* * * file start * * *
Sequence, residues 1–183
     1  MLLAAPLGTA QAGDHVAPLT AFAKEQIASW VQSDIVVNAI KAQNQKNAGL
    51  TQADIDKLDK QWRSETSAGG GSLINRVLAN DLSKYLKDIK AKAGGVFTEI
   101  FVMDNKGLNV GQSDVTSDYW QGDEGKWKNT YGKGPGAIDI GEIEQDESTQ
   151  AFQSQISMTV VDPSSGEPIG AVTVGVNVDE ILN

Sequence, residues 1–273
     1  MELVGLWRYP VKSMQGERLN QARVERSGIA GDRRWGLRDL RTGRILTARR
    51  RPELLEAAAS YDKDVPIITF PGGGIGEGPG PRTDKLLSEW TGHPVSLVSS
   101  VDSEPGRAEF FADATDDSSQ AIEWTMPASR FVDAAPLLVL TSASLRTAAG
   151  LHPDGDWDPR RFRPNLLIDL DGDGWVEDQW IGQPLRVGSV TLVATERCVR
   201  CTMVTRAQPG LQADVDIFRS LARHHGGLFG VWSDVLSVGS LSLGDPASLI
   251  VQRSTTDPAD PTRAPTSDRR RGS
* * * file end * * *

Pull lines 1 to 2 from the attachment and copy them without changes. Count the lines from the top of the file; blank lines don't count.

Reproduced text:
Sequence, residues 1–183
     1  MLLAAPLGTA QAGDHVAPLT AFAKEQIASW VQSDIVVNAI KAQNQKNAGL